Nick asked me if I had seen a show from the previous night. I told him I hadn’t, and that I typically go to bed at 8 p.m.
“What? All of the best shows don’t come on until after 10,” he said.
“I get up at 3:45.”
This equally stupefied him. “Why do you get up so early?”
“Because that’s how long it takes to be ‘Bradford.’”
He laughed, but I knew my lifestyle required waking at hours inconceivable for many. I’m still convinced I would have made a great monk if I didn’t question authority so much. But I wasn’t always that way.
I had read Julia Cameron’s The Artist’s Way more than 25 years ago. I had committed to my “morning pages,” which was 30 minutes of free writing before starting the day. It was mostly my protesting about people at my job or why this guy wasn’t paying attention to me. However, these morning pages managed to keep all my drama on the page rather than acting it out during my day.
Being an athlete all my life, I was used to moving my body most days. Exercise was a mental break for me, a time to put all my worries aside and allow my body to do what it does well. Eventually, it would become a daily habit necessary for me to function in my life.
When I started graduate school, a new world opened up for me. I was rather studious in undergraduate school, but my graduate program challenged me intellectually. I became enamored with learning new things, even if they were trivial to other people in my social circle. I found that I needed mental stimulation each day to keep me sharp.
We keep our lives in balance by refraining from extremes.
Stephen Covey called it “Sharpening the Saw” in his book, Seven Habits of Highly Effective People. I hadn’t read this book until just a few months ago, and I realized I had incorporated this habit into my life many years prior. He suggested that to keep life in balance, we should commit to a “Daily Private Victory,” which is spending an hour each day feeding the mind, body, and spirit.
I call it my “power hour.” Sometimes, it’s more than an hour, sometimes it’s less. Each day we visit the well to fill our mind, body, and spirit. We keep our lives in balance by refraining from extremes.
Here’s how it works, and it really is personal to you.
Start with one hour each day
It’s best to start the day an hour earlier than usual. This is difficult at first, but when you realize the benefits of this “habit,” it will become easier. It allows you to start the day with balance before it whips you into a frenzy. If we postpone it until the end of the day, our schedules or our energies might give us an excuse to abandon it. You’ll aim for 20 minutes each day for each practice.
A physical practice
Your power hour is less about fitness and more about lifelong wellness. If you are a habitual exerciser, this might give you the excuse to try something different, such as an easy 20-minute walk or tai chi practice. The body stores a lot of your trauma and drama, and physical exercise pumps fresh blood through these stagnant areas. As a lifelong athlete, 20 minutes of exercise isn’t enough for me, so oftentimes I will extend this to an hour because it feels fantastic. Mind you — I get up well before dawn.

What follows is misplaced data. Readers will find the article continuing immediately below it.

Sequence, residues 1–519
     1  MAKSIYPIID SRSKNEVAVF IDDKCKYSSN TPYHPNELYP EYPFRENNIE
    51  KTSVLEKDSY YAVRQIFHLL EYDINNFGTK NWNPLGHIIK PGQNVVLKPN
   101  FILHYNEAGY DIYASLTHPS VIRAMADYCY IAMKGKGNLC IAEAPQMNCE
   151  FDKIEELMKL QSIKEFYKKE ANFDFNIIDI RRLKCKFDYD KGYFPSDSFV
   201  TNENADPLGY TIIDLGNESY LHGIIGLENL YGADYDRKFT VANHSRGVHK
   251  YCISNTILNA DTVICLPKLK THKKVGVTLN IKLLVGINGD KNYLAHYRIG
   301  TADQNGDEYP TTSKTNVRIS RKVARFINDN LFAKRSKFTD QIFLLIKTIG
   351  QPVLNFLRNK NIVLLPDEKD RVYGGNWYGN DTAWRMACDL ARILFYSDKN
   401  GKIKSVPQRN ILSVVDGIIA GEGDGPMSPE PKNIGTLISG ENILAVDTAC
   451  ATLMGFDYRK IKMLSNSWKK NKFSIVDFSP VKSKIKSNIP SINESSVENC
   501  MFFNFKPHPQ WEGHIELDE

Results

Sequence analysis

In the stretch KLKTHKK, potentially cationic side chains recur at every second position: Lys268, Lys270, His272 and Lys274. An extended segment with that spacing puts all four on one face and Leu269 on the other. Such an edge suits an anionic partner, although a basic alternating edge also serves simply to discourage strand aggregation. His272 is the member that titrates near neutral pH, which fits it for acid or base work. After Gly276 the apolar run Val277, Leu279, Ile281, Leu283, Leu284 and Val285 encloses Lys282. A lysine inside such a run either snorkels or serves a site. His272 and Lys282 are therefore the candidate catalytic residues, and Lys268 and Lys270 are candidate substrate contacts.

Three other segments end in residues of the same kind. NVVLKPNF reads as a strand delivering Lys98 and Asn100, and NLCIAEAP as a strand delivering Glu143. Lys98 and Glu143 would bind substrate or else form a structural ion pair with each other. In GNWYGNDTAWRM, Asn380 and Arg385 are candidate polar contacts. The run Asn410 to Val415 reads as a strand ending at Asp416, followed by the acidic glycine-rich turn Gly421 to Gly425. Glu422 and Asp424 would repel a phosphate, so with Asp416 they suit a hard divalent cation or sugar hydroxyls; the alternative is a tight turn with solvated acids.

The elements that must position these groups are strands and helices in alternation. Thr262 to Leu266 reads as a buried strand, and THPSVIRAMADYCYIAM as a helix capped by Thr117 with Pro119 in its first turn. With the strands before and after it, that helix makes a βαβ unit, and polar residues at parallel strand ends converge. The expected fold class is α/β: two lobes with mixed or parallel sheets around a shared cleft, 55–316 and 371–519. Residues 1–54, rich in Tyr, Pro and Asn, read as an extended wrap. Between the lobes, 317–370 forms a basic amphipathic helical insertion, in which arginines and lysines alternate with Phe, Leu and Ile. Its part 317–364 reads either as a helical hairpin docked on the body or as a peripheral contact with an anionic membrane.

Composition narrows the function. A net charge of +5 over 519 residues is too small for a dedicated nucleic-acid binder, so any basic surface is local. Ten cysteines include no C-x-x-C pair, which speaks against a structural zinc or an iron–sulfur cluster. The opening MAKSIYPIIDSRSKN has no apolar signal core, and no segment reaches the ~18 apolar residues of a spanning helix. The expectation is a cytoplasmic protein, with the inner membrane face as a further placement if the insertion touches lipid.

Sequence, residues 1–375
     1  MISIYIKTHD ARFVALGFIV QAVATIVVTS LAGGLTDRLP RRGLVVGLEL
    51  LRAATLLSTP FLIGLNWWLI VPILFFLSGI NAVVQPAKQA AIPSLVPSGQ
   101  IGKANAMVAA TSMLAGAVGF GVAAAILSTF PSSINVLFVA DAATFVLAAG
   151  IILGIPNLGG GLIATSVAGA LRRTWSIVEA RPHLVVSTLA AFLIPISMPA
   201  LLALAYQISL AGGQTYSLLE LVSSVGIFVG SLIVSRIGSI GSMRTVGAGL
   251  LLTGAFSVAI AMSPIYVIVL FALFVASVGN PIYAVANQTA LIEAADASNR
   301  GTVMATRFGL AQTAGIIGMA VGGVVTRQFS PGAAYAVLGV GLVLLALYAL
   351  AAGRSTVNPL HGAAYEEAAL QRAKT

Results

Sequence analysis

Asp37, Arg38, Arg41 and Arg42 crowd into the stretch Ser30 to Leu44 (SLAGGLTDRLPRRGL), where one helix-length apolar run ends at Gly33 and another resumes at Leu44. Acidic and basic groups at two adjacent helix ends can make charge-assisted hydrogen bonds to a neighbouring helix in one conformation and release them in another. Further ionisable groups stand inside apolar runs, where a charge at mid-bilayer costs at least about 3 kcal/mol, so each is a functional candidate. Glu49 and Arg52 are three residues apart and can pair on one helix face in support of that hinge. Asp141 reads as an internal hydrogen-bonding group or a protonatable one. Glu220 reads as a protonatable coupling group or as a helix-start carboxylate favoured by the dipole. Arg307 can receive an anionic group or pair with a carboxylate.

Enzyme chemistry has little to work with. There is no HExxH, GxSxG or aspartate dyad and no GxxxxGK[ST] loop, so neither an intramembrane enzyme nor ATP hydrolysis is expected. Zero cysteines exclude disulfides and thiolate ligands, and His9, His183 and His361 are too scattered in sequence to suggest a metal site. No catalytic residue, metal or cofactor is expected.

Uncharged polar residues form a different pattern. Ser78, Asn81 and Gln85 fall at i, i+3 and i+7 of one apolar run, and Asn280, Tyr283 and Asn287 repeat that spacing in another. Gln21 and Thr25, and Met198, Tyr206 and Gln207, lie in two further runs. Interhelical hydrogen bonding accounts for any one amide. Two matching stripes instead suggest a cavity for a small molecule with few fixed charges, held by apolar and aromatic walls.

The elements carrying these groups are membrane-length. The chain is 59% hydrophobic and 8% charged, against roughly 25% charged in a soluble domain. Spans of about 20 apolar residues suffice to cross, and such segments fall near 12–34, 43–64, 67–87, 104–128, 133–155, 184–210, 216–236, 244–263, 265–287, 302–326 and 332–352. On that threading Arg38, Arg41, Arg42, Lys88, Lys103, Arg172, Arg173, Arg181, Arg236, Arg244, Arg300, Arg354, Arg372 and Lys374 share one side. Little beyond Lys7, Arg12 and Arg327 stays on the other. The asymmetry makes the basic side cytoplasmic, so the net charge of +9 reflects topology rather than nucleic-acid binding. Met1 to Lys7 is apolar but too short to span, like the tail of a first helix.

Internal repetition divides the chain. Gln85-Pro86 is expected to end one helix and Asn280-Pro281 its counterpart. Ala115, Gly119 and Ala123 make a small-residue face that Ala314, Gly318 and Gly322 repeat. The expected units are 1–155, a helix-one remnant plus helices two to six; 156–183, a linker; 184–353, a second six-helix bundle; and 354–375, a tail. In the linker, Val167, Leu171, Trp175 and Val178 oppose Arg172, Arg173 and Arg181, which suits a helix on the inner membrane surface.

A mental practice
Allow 20 minutes for reading, meditation, or any “mental exercises” that engage your concentration. This practice is personal, so if your mind is overstimulated, you could try a guided meditation to calm the excess chatter. If you are curious, your mind can be engaged by reading a newspaper or book. You could also participate in an online course to learn something new. Even writing can help engage your concentration and stimulate the mind.
A spiritual practice
Covey describes the spiritual component as “your core, your center, your commitment to your value system.” Although often overlooked, the spiritual practice is extremely important because it helps tie your intentions and activities together. When you engage in a spiritual practice, you begin to see connections you didn’t think existed. By reconnecting with your value system, you recognize where you might have missed the mark. A spiritual practice could be traditional, such as engaging in prayer. You could also reflect on works of literature or philosophy, which speak about values that transcend time. Writing, too, can be your spiritual practice. The key here is reflection, not condemnation.
These three components to a power hour aren’t mutually exclusive. In many cases, you could combine your physical practice with your mental practice, such as a walking meditation. You can read or write outdoors, pausing every few moments to allow nature to speak to you. Yoga practices might start with a physical session and end in a concentration practice. Some meditation practices like passage meditation combine mental focus with contemplation.
We start each day fresh, knowing that each day is an opportunity to revisit the well and begin again.
Starting our day with a power hour gives us agency over our lives. We might not be able to control the actions and intentions of others, but we can harness our own. Even if we feel our lives quickly spin out of control later in the day, we at least feel confident that we began it with purpose. We start each day fresh, knowing that each day is an opportunity to revisit the well and begin again.
When you commit to this daily practice of balance for a few weeks, notice how your priorities shift. Because you make time for this routine, you might notice that other activities that don’t serve your mind, body, or spirit don’t seem to matter. Eventually, you choose to spend your time and energy on activities that serve a greater purpose, bringing you a better sense of balance with yourself and the world.